A draft law on the definitive restitution of works of art to Africa discussed in the Council of Ministers
A first draft law on the final restitution by France to African countries of cultural works taken during colonization will be discussed Wednesday, July 15, in the Council of Ministers, we learned Tuesday at the Elysée Palace.
This “bill on the restitution of cultural property to the Republic of Benin and the Republic of Senegal” will, in particular, formally restore with transfer of ownership a sword already on loan to Senegal, which former French Prime Minister Edouard Philippe had symbolically handed over to Senegalese President Macky Sall during a visit to Dakar in November 2019.
It is a historically significant weapon, having belonged to the entourage of El-Hadj Oumar Tall, a Muslim warlord and scholar who conquered in the 19th century a huge territory straddling Senegal, Guinea and Mali, and fought against the French colonial army.
On the Benin side, France has committed to the return of 26 Beninese heritage objects looted during the sacking of the palace of the kings of Abomey by French colonial troops in 1892 and kept in the Musée du quai Branly-Jacques-Chirac in Paris.
The French president, Emmanuel Macron, announced this decision at the end of 2018 following a report he had commissioned on the subject from academics Bénédicte Savoy of the Collège de France and Felwine Sarr of the University of Saint-Louis in Senegal.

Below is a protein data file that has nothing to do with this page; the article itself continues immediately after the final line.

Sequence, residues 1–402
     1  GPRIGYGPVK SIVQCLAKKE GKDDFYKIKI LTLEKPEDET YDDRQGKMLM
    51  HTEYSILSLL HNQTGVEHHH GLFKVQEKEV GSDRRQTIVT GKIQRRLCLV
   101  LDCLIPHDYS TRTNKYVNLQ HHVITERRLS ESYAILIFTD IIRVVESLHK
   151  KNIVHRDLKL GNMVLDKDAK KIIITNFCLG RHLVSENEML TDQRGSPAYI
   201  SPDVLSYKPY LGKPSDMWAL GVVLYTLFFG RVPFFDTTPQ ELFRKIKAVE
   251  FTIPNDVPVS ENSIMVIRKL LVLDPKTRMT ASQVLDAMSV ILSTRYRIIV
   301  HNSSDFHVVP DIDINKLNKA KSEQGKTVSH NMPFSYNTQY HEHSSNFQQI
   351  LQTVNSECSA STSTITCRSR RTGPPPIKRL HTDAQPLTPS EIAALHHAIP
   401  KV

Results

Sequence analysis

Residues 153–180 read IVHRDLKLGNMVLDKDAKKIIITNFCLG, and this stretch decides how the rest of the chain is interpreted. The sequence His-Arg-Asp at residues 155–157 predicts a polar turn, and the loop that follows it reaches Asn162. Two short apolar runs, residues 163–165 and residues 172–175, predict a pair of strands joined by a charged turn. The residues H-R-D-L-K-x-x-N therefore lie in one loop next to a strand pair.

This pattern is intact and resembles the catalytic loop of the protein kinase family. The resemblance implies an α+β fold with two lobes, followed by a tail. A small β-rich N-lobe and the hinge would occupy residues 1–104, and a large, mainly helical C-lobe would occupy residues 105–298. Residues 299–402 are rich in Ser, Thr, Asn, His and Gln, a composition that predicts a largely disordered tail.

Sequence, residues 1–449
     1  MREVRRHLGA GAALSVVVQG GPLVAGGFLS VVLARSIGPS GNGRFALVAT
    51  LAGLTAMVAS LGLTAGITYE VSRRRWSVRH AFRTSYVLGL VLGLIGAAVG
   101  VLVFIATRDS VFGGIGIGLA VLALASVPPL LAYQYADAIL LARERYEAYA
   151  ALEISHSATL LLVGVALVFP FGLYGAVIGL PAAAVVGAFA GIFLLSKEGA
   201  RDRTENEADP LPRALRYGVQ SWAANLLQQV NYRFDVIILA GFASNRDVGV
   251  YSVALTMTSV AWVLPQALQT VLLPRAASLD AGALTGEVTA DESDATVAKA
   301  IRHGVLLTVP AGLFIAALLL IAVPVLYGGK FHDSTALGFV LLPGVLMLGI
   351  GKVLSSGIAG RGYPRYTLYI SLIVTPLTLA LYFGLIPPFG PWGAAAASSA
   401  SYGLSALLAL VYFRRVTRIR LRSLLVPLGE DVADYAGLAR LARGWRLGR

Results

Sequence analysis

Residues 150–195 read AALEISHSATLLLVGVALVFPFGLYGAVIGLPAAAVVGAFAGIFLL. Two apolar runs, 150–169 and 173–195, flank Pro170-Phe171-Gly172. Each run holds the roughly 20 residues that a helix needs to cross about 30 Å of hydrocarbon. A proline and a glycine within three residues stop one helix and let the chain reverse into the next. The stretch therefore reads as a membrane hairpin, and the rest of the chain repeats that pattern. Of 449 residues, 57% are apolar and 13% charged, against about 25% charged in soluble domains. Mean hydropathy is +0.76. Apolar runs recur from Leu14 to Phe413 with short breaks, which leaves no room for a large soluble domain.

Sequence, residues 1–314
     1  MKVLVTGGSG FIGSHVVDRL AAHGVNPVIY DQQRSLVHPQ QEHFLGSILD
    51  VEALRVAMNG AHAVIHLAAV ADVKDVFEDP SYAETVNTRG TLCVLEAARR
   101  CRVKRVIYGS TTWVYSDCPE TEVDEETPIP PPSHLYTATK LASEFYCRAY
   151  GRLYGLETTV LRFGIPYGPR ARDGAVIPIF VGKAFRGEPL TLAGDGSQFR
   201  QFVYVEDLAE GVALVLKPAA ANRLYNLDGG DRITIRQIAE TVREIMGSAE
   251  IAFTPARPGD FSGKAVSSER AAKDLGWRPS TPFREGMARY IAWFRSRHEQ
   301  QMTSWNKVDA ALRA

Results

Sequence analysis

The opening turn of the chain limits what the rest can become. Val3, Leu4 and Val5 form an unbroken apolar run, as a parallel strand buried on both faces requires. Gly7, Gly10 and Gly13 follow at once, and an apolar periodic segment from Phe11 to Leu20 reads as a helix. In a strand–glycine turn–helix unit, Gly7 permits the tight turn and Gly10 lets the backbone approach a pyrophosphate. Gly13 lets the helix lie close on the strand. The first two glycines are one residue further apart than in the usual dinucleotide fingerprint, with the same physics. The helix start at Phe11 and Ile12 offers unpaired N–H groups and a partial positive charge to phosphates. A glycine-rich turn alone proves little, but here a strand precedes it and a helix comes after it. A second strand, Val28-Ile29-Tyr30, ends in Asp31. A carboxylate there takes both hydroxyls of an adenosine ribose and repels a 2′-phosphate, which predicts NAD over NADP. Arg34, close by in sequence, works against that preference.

Relationships of domination
The two specialists had laid the groundwork for the restitution to sub-Saharan Africa of works of art transferred during colonization, cataloguing tens of thousands of artifacts, many of which had been looted.
But their work has been contested by other specialists and museums such as the Quai Branly, which has the largest collection of primitive art. Their critics have expressed concern about politicizing the debate and the argument that all the works on deposit with them since colonization have been dishonestly acquired or looted and must be returned. They also put forward the argument that French collections are inalienable.
They favoured the “circulation” of works between France and Africa, rather than restitution with transfer of ownership, except when, as in the case of the statues in the royal palace of Abomey, looting by French soldiers at the end of the 19th century was flagrant.
The origin of some works is unknown, others were purchased or collected during ethnological and religious missions under conditions that were questionable because of the relations of domination that governed colonial relations. To put an end to the uncertainties, the authors of the report plead for the means to be given to research in order to remove doubts about the origin of these works whenever possible.